87 Rescue Animals Saved From Forest Fire in Florida

Emergency evacuations can be scary for anyone, especially when you have small children and pets to contend with and a short time to get them to safety. But imagine having nearly 90 pets that need to be moved immediately.

That’s what happened to animal rescue Salty Cats of St. Andrews Rescue in Panama City, Florida. Jackie Mihal, who runs the rescue, stepped out into her backyard to care for her animals - only to be greeted by a wall of flames. The woods surrounding her home (and rescue) were completely ablaze. “No warning, none. The whole woods was on fire,” said Mihal. 

With no time to spare, she jumped into action to save her rescued feral, stray, and abandoned cats (and rabbits). Luckily three Good Samaritans were in the area offering to help with the evacuations and joined in to help move the animals - Brian Salmon, Scott Morris, and Scott Trunzo. 

The four formed a makeshift “bucket brigade” to get the animals to safety, with Mihal loading the cats into crates as quickly as she could and handing them off to be loaded into a waiting trailer.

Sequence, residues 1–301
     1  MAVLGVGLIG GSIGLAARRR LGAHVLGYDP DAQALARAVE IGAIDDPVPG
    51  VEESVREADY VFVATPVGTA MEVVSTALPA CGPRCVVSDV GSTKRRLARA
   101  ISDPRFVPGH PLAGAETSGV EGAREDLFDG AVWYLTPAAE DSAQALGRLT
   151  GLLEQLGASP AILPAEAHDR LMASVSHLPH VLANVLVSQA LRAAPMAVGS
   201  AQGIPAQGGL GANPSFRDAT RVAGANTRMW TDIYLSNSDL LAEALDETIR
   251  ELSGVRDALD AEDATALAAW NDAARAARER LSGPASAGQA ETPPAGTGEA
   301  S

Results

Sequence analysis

“The building was being engulfed in smoke,” Mihal said. “I keep all my windows open, and smoke was pouring in. We didn’t know how much time we’d have before the building went up. I never could have gotten it done if Salmon, Morris, and Trunzo hadn’t been there.”

All 87 animals were safely loaded in about 20 minutes between the four of them. "I don't know how we were able to do what we did, but someone was definitely on our side," Mihal says. "The guys were a big, big help."

The rescue moved all 87 pets temporarily to a large storage building for shelter. Thankfully, the winds shifted, and the fire didn’t reach Mihal’s home or cat buildings - but the property was heavily smoke-damaged and uninhabitable.

The animals stayed at the temporary shelter for ten days while Mihal worked to replace the multitude of cat trees, blankets, beds, and toys that were damaged beyond repair.

"Everything had to be tossed out because of the smoke," said Mihal. "Then we had to wash everything down, repaint, and reseal everything before the cats could come back. 

Thanks to an outpouring of support from the community, Mihal was able to get all the animals back into her property.

"It's been tremendous," she says. "People are bringing beds and toys and money. We're still getting towers in. We had about seven towers that had to be tossed,” Said Mihal.

"Someone donated the paint, which was huge. I had volunteers come help me paint. All that plays a huge part for us in terms of being able to continue helping animals."

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